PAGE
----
I don’t think the magic was on the field, Abby. I think the magic is inside of you. I think you’ll carry it with you until you die. *From out here, Abby, it is crystal clear that soccer didn’t make you special – you made soccer special.* You have lost nothing. You take it all with you. Soccer led us to you. Now we’ll follow. Not because of you as an athlete, because of you, my Abby.

You see, your work doesn’t make you who you are. You bring who you are to your work. And you get to take who you are to wherever you go next.

You don’t lose anything when you move on to something new, because you take you along with you.

It’s you that makes your work special.

Please don’t forget that.

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How I turn up at work…

How I turn up at work:

We are all smart and intelligent
We all have good ideas
We all want to shape the work we do
We all want to feel in control of our destiny
We all want to do work that matters
We all want to feel that our work shapes the organisation
We all have good intentions
We are all doing the best we can
We were all born to work together

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On giving Cara more space…

Cara has an unwavering vision for the future of our family, and she’s determined to make it all happen.

She’s also the hardest working person I’ve ever known.

When she’s knackered after a tough week being a mum and leading Gillies & Mackay, she will go into the weekend with an activity plan for the kids, get the food shopping done, run the kids wherever they need to go, do the laundry…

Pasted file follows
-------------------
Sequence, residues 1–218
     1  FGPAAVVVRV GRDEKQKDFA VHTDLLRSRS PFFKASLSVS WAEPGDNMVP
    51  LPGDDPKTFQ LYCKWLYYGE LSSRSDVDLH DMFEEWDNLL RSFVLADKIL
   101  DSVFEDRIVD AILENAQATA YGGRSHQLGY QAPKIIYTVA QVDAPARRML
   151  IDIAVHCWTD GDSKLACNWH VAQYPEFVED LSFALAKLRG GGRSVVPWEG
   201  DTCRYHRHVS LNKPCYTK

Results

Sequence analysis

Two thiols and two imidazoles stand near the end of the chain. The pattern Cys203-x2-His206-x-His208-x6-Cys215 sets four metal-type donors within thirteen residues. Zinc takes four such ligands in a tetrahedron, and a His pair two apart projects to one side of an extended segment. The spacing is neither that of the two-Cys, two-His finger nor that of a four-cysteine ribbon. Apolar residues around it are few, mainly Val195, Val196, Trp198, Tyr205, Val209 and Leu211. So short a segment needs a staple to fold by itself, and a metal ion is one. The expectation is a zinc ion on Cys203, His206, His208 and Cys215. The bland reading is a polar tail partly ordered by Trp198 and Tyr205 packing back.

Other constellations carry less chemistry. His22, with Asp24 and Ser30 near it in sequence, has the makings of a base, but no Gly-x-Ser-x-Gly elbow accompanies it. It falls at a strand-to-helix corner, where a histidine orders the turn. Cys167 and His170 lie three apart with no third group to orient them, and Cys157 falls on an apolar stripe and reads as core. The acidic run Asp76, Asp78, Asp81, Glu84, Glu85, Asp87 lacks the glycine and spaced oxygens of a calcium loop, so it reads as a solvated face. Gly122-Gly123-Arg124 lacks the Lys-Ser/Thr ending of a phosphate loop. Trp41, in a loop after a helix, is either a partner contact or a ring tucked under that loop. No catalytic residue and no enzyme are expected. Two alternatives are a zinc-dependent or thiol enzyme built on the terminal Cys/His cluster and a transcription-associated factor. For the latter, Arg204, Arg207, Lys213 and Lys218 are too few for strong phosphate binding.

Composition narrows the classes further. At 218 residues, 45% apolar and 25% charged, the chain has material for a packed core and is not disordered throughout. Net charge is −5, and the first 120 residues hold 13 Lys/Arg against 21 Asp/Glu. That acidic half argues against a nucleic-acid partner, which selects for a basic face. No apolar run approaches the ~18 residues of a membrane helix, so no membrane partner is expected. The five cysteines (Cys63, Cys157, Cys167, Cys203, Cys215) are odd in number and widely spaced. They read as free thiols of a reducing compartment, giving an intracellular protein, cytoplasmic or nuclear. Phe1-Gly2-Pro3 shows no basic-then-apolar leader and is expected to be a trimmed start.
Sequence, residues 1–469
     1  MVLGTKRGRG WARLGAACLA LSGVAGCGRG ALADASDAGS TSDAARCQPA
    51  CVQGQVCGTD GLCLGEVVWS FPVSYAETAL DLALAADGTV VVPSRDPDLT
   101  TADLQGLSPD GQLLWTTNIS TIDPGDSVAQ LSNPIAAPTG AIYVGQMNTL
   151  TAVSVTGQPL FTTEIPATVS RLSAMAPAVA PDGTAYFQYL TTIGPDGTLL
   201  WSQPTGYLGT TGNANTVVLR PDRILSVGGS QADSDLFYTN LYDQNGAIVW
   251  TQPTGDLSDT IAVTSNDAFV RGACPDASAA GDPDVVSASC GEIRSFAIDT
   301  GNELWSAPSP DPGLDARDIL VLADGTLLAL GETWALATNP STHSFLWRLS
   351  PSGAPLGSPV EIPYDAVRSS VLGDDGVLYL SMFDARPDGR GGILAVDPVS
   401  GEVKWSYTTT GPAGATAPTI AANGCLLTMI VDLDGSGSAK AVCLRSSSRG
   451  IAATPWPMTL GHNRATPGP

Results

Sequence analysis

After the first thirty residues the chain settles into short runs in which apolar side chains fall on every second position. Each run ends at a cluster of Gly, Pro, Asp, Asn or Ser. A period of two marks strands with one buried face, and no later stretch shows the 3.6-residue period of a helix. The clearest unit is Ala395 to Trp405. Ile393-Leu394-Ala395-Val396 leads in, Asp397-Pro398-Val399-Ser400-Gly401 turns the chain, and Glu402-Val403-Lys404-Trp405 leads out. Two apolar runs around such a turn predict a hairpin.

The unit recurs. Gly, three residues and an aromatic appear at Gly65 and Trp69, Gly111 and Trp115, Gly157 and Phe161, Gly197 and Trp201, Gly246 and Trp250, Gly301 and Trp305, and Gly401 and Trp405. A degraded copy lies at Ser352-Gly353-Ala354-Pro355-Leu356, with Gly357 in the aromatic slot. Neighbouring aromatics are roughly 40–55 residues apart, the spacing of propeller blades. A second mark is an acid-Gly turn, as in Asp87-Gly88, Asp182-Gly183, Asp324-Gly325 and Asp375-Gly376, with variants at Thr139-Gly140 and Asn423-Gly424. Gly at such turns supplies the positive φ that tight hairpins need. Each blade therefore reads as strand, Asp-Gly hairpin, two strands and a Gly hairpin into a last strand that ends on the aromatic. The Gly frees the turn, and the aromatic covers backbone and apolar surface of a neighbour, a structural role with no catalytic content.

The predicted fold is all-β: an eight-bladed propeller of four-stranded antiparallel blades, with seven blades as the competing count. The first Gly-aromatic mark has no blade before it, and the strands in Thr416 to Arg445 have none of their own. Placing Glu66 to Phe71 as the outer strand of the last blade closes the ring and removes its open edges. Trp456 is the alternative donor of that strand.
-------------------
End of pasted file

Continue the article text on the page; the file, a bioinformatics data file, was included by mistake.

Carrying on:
She’s incredible.

But she has no space for putting herself first.

As it happens, I have quite a lot of time in my days to put myself first, and I don’t do enough.

Here are a few changes we’re making so Cara can make that time.

  1. We now have a second car so I can do the school & nursery run in the morning. This means Cara can get up early, get to work on her own time, and come home early.
  2. I’ve taken total responsibility for the laundry. This means Cara doesn’t have to spend any time or energy thinking about it. One less thing.
  3. Next, I’m planning to cook at least one meal a week for the family.

We all need a little time in our days that we can call our own and prioritise doing something that makes us happy.

When was the last time you looked at your partner and asked “do they have any space for putting themselves first?”